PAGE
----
a cold run and a bowl of soup.

You know those types of mornings when everything seems so still, so perfect?

You know those mornings when you feel like you’re flying, not running?

You know those mornings that remind you of life’s simple pleasures (like seeing your breath in the air, hearing the crunch of snow beneath your feet, feeling the wind tousle your hair)?


It was that kind of morning.

I went out for my third run this week.

As many of you know, I diagnosed myself with achilles tendonitis last month.  For the record, I don’t recommend diagnosing injuries.  But I’ve had this before and I know exactly what it feels like.  Thankfully, it seems to be on the upswing.

This morning I felt like an antsy thoroughbred after a long, cold winter.  I felt all bottled up with energy, ready to be set free at the sound of a gun.  *BAM* Annnnd, she’s off!

That all happened before I somehow managed to take control of myself.  It’s so easy to get ahead of myself on the “good days,” when my legs feel good and everything in me wants to bolt out the miles.  But my body isn’t quite at 100% yet.  It was just three days ago that I was feeling knee and heel pain, and the last thing I want is for this stuff to flare its ugly head.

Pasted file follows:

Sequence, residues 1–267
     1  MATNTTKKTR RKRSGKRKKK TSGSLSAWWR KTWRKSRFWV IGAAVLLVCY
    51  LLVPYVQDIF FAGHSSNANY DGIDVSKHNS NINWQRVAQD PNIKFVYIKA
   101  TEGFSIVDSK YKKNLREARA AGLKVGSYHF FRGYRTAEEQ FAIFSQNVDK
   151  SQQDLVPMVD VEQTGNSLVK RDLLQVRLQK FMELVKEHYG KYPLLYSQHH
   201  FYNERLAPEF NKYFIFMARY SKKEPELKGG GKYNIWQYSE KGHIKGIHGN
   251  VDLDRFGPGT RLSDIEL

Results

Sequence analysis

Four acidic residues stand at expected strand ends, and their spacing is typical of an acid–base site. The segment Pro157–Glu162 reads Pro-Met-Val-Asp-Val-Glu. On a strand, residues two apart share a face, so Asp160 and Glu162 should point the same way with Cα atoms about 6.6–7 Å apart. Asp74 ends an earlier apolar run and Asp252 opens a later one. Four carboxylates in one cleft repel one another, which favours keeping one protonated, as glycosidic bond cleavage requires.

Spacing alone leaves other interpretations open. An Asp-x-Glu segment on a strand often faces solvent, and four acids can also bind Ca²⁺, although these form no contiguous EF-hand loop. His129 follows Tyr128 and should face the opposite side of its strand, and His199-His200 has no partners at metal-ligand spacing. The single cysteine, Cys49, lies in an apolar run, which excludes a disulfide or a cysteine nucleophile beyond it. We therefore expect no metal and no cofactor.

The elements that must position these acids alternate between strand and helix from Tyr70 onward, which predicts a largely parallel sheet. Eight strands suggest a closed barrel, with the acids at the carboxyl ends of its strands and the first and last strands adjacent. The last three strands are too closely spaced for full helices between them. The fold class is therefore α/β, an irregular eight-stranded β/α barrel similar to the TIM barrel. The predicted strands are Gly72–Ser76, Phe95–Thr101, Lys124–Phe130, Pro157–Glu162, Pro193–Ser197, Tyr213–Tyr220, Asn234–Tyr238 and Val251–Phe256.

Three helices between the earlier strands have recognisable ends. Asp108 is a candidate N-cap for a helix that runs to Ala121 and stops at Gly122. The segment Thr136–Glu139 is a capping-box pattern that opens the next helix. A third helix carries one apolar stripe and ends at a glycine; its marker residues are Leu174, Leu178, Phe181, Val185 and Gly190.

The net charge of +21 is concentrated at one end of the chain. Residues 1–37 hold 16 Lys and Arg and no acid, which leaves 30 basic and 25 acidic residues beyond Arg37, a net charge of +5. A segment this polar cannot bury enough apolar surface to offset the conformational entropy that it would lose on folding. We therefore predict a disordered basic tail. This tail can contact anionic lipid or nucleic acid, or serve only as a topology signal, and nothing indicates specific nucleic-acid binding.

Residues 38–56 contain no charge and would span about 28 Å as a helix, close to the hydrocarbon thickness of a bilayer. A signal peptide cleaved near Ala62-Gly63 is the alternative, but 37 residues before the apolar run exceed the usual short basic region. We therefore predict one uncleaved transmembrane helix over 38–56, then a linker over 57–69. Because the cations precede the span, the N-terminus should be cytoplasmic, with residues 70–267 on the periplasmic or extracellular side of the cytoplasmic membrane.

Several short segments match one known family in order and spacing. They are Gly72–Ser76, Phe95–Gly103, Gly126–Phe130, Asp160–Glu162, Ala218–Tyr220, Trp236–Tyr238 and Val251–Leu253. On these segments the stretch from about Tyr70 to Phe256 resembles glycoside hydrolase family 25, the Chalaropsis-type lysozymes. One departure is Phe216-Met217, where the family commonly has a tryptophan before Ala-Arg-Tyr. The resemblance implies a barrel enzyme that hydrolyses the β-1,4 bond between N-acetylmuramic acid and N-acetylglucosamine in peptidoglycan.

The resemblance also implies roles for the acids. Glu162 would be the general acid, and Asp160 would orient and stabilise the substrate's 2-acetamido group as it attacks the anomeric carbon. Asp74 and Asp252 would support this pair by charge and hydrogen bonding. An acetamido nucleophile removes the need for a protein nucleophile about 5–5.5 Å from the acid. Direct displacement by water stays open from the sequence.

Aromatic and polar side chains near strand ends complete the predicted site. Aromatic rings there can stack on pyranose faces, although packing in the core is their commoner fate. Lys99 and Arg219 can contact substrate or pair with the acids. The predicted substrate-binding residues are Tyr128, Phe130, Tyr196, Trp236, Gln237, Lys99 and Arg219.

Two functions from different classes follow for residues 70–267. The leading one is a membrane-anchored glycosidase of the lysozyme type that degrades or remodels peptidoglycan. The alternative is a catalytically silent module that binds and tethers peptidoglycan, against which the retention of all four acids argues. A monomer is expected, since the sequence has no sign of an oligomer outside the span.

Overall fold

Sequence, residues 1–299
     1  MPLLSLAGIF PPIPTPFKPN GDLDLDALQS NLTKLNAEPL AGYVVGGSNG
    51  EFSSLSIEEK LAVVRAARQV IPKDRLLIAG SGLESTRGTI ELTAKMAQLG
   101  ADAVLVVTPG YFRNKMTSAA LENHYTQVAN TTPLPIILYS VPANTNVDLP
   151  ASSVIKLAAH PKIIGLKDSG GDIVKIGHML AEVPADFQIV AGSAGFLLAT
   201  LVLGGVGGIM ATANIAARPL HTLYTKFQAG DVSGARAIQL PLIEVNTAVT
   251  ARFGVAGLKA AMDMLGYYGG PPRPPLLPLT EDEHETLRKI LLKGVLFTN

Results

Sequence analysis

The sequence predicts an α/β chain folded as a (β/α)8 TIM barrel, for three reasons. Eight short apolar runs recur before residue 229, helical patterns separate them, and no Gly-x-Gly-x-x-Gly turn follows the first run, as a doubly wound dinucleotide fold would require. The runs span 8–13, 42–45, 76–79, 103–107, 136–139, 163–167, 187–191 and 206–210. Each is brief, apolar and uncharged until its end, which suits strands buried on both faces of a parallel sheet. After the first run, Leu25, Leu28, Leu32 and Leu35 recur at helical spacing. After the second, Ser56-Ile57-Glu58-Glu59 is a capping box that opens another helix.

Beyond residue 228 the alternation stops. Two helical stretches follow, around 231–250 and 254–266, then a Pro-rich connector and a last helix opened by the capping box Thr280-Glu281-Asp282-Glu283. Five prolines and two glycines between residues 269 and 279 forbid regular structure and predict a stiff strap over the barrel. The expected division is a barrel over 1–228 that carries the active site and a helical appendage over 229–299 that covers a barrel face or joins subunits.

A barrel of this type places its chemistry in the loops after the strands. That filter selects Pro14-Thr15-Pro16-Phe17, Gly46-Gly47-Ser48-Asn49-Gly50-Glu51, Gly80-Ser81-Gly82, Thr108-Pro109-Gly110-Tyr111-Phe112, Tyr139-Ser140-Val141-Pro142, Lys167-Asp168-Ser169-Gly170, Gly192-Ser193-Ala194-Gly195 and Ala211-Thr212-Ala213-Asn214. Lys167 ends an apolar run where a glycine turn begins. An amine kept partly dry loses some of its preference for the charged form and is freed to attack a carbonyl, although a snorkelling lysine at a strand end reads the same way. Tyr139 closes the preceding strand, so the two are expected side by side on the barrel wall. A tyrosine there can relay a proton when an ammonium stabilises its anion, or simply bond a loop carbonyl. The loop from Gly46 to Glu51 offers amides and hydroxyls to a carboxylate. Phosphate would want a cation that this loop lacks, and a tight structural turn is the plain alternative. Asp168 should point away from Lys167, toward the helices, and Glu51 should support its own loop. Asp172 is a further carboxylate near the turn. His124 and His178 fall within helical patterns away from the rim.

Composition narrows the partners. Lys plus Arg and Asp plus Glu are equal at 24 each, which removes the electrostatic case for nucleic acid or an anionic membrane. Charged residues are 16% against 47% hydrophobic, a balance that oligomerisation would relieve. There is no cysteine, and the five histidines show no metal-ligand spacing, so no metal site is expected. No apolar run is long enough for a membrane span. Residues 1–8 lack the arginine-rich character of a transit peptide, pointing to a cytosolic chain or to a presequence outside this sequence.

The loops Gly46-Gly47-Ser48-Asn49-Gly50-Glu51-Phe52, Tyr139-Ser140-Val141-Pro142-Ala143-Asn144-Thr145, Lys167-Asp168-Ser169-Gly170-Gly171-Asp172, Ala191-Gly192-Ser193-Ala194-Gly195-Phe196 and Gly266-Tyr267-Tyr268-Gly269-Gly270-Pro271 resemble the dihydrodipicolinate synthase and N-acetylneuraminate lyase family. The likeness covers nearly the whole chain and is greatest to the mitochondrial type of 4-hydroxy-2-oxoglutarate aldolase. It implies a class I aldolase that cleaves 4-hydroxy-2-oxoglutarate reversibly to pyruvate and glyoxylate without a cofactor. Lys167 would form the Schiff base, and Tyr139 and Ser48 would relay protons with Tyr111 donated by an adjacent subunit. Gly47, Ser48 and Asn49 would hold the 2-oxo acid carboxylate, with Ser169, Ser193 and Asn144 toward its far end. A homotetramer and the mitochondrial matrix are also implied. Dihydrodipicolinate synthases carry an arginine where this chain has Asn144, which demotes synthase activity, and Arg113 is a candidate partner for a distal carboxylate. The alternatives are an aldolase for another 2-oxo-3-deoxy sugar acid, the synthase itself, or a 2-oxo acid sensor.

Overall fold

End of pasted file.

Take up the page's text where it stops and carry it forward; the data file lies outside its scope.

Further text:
It’s not easy, but I’m going to be smart about this.  My goal is to enter 2012, injury free.

No makeup? Check. Sweaty? Check. Feeling happy and healthy? Check, check. =)

I honestly can’t think of a better way to warm up from a chilly morning run, than plopping myself down in front of a bowl of steamy, homemade turkey noodle soup.

This soup was ridiculously easy to put together, thanks to the pre-chopped leftover turkey I had sitting in the freezer from Thanksgiving.